Plant a Tree for Father's Day
A great way to make this Father's Day a memorable one is to plant a tree for dad. In addition to providing a valuable asset to your yard, a tree will grow with your family and create a link between your family and your home.
Selecting the proper tree for your yard will require some forethought. The biggest thing to consider is how big the tree will get. Whichever tree you are considering, you should imagine it at its largest potential. You don't want to plant a tree that will get huge right next to your house, driveway, or where it will shade your entire garden all day. Hazards can be below ground too.
The roots of a tree will grow as large as its canopy, and can interfere with unseen water, septic, and sewer lines. Roots can also uplift sidewalks and penetrate foundations. It's always a good idea to have your water and gas lines "staked" beforehand to ensure they won't become a problem later.
The second question to ask yourself is what you your dad would want out of a tree. Would dad like a tree that is occasionally covered in flowers? Would he rather have a fruiting tree? Would he like a large canopy to block hot summer sun, or should it enhance the privacy of your yard by blocking the neighbors' view?
Other considerations, such as soil type, fertilization, and how close it will be to power lines should factor in as well. It is best to choose a tree that will fit in its surroundings without having to be trimmed.
Planting the tree is fairly simple, but doing it correctly is essential to making sure the tree will survive.
- Dig a hole larger than the container or root ball that the tree came in. Make sure the root flare (where the trunk begins to spread out into roots) will sit above the soil line.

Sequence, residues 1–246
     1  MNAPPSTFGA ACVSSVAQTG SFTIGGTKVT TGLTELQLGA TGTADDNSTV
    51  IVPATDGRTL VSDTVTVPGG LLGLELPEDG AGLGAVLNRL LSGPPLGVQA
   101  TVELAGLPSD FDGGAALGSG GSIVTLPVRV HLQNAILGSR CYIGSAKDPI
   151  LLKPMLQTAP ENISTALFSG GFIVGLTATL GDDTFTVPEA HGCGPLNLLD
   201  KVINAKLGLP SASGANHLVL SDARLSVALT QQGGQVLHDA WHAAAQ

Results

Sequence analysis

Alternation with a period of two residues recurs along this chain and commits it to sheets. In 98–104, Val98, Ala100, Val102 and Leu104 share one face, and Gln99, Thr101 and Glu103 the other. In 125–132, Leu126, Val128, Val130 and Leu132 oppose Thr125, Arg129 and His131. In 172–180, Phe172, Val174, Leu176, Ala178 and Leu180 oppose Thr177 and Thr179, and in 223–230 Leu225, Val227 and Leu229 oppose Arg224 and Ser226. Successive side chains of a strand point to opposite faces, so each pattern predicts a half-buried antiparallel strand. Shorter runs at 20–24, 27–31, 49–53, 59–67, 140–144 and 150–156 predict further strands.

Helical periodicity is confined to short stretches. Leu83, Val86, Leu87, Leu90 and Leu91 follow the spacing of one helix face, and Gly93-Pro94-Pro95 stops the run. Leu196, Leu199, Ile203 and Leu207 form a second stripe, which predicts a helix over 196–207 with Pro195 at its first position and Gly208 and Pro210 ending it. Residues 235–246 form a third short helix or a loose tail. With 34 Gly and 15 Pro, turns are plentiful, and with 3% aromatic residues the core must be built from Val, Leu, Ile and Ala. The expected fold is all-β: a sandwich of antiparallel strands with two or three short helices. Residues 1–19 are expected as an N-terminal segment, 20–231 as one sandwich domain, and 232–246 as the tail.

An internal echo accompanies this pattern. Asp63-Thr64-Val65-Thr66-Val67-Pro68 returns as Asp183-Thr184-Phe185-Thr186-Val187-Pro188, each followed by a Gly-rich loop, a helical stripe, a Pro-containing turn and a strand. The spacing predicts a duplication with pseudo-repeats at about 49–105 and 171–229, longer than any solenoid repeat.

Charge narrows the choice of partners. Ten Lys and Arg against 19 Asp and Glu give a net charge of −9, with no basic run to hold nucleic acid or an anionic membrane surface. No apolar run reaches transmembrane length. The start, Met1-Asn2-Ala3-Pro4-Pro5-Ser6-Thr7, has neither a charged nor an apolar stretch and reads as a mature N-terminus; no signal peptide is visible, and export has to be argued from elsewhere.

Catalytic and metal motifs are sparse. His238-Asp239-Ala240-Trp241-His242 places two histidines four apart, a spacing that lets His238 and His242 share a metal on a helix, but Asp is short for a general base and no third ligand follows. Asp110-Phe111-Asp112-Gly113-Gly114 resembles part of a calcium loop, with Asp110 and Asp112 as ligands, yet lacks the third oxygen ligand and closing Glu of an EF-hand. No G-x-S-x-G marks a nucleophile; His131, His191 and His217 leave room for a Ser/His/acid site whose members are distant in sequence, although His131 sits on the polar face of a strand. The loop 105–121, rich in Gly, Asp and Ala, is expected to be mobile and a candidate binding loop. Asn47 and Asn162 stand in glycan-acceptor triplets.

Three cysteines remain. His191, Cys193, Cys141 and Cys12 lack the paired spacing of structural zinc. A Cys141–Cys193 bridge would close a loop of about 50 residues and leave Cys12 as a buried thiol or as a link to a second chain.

- Remove any packing material, including wire, twine, or burlap.
- Cut away any encircling roots to prevent them from strangling the tree.
- Loosen up roots so they will be able to grow into the soil.
- Backfill dirt and water it in to ensure there aren't air pockets. Gently tamp the soil down to compact it.
The most common mistake people make when planting trees is to plant them too deep. Make sure the root flare, where the trunk begins to spread out into roots, is above the height of the soil around it.
A tree planted too deep will struggle to survive and will have very limited growth. If you're not sure how to identify the root flare, ask someone in the garden center.
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Do your last thinning on deciduous fruit trees after June drop, nature's way of getting rid of an overload of fruit. It may occur any time between early May and July but is most likely to happen in June. One day you visit your deciduous fruit tree and find a circle of immature fruit lying on the ground under the branches. You may worry if you are new to fruit trees, but don't panic! It's a natural part of the cycle. These trees often set more than double the amount of fruit they could possibly ripen properly, so they simply drop off part of it.
If you thinned out fruit on your trees earlier, you enabled the remaining fruit to grow larger and thus will have less fruit dropping now. Nevertheless, you may need to remove even more fruit than naturally drops in order to space your crop evenly down the branches. Inspect other deciduous fruit trees that are less subject to June drop and thin out their fruits also.
Clean up any fallen fruit under the tree before it has a chance to rot and spread disease. If it's healthy, chop it and add it to your compost pile (cover it with earth to keep away flies and rodents). Also water your deciduous fruit trees deeply in June and July.
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